Political reporter Jeff Schmalz hid his sexual orientation from co-workers at The New York Times until the day he collapsed from an AIDS-related brain seizure in the newsroom. After he rallied, Schmalz came out as gay and spent his final years covering the AIDS crisis in the early 1990s.
“This was an era when mainstream news organizations were tragically slow to report not just AIDS but gay life in general,” said Samuel G. Freedman, a professor at Columbia Journalism School in New York. “Jeff was such a change agent.”
Tuesday and Wednesday, Freedman and producer Kerry Donahue, director of Columbia’s radio program, will be in South Florida to talk about Schmalz and their recent book, Dying Words: The AIDS Reporting of Jeff Schmalz And How It Transformed The New York Times.
“So much progress has been made on marriage equality and other LGBTQ issues, that it's really easy to forget how much struggle preceded these breakthroughs,” Freedman said. “It’s such a sea change from the 1980s when that [AIDS] diagnosis was tantamount to a death sentence. It’s wonderful to appreciate the progress both socially and medical, but it’s vital that the history be preserved before it’s forgotten. Jeffrey Schmalz’s story gets into interrelated strands of that history.”
Schmalz, 39, died Nov. 6, 1993, nearly three years after he collapsed in The Times newsroom.
“Part of the price of his ascent at The Times, Mr. Schmalz long believed, was that he hide his homosexuality from at least some of his superiors,” according to Schmalz’s Times obituary. “But after his illness became known, and with his sexual orientation no longer a secret, he became an eloquent spokesman for the frustrations of people with AIDS and an outspoken supporter of equal rights for gay people.”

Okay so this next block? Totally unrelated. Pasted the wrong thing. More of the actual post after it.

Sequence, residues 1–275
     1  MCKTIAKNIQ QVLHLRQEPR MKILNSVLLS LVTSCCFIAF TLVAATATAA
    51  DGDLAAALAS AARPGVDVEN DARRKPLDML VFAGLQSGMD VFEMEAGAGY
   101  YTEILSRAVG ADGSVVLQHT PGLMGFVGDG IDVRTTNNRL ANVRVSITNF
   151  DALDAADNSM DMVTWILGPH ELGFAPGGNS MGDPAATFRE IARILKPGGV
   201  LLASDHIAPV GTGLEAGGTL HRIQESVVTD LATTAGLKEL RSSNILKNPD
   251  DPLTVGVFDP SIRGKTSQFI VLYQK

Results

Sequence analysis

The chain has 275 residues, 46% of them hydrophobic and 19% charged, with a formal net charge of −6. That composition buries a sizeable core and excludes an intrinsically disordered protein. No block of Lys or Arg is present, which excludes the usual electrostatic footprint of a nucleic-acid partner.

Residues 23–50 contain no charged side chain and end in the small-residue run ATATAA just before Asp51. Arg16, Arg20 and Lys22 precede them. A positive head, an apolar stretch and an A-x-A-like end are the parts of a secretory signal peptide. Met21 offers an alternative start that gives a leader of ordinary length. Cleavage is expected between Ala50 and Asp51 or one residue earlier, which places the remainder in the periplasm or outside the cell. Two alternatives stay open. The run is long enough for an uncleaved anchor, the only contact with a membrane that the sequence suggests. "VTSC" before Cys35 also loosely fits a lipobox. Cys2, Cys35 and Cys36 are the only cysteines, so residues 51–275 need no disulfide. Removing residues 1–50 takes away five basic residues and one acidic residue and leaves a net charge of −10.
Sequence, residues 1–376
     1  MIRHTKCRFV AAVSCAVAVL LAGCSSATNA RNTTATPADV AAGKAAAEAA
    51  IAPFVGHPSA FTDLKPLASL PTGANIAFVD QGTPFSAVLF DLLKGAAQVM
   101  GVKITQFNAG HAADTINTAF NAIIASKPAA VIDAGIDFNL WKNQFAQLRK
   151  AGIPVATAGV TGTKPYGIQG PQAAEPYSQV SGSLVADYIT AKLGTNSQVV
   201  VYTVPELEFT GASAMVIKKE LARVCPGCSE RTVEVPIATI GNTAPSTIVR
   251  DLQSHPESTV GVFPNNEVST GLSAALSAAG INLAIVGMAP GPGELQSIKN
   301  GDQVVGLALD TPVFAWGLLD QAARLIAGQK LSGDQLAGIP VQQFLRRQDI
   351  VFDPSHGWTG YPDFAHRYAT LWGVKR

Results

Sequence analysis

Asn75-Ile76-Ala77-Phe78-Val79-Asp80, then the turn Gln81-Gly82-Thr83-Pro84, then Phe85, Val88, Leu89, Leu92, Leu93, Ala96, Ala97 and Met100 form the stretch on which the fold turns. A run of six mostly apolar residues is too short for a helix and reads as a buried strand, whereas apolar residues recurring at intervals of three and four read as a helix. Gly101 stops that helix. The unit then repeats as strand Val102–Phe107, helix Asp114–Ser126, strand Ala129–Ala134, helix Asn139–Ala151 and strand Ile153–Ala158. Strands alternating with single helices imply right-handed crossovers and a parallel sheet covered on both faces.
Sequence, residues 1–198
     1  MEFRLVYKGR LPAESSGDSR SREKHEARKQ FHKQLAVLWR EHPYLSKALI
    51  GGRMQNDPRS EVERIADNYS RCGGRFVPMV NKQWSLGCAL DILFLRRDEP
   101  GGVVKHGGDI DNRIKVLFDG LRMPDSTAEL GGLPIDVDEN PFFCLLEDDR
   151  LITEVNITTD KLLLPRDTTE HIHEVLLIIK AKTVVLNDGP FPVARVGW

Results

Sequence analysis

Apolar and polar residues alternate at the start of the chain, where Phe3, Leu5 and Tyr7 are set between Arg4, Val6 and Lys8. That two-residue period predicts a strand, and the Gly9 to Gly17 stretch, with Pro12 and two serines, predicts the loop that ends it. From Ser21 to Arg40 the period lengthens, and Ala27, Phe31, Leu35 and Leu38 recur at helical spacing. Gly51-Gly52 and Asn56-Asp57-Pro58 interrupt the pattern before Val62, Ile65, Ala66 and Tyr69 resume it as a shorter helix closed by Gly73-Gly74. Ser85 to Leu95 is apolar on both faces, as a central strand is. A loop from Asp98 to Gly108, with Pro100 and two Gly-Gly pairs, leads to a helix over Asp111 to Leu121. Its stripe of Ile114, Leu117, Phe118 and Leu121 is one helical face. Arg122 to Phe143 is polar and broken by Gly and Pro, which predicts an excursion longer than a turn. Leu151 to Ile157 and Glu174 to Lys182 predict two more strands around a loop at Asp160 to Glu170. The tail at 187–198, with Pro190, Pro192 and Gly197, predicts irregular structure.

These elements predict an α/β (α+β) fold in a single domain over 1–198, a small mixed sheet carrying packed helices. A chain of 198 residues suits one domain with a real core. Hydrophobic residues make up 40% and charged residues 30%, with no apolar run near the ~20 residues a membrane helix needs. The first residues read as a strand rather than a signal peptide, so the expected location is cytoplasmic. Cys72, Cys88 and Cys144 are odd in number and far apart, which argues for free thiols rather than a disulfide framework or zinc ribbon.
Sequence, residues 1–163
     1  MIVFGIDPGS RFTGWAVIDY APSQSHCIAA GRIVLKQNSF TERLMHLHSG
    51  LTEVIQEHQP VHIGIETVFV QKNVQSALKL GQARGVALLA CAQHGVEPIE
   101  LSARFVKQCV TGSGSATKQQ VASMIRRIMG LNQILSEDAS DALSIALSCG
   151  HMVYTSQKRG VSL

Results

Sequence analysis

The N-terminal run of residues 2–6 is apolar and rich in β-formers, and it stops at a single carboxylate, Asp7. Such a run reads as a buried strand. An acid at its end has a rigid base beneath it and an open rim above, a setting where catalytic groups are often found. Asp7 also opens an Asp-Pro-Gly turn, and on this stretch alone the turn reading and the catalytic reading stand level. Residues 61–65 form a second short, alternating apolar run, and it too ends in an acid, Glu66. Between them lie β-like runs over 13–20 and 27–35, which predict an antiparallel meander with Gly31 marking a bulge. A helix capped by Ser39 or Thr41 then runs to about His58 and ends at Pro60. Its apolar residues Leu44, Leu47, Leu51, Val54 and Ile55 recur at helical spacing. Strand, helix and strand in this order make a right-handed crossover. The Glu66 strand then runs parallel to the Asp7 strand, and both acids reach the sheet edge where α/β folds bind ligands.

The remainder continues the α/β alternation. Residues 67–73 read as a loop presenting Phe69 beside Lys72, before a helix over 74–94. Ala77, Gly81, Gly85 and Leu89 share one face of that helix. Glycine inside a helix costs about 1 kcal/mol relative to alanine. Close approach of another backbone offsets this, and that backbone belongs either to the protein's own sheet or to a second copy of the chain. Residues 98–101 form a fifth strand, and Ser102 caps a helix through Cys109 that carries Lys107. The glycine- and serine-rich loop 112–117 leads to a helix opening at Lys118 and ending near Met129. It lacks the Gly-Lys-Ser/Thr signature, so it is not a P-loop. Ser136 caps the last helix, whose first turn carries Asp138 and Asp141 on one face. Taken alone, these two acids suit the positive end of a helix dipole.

Freedman and Donahue will make two South Florida appearances.
The first will be Tuesday afternoon at Florida International University’s Biscayne Bay Campus, where they will speak with journalism and LGBT students about Schmalz and the book.
Wednesday night, the Stonewall National Museum & Archives in Wilton Manors will present a public conversation about Schmalz, gay journalism and HIV reporting.
“It’s fascinating and very good work,” Emery Grant, Stonewall’s community engagement director, said of Dying Words.
Audience members will not just hear from Freedman and Donahue, but from Schmalz himself.
Schmalz’s sister, Wendy, provided Freedman and Donahue with his original microcassettes used to record early ‘90s interviews with AIDS activists including playwright Larry Kramer, basketball star Magic Johnson, and San Francisco Chronicle reporter Randy Shilts.
Freedman and Donahue used excepts from Schmalz’s recordings to also produce an NPR radio documentary heard nationally in late 2015. Portions of the recordings will be played during the South Florida presentations.
“Who Jeff was and what he did deeply changed The New York Times, sensitizing it as never before to the humanity of gay people,” according to a Dying Words news release. “The Times of today – publishing same-sex wedding announcements, editorializing in favor of marriage equality — is the fruition of changes that Jeff helped set into motion but never lived long enough to fully see.”
If you go
▪ What: Samuel G. Freedman and Kerry Donahue discuss their book, Dying Words: The AIDS Reporting of Jeff Schmalz And How It Transformed The New York Times
▪ Where: Stonewall National Museum, Wilton Manors Gallery, 2157 Wilton Dr., Wilton Manors
▪ When: 7 p.m. Wednesday, March 2
▪ More information: The event is free, refreshments provided. www.stonewall-museum.org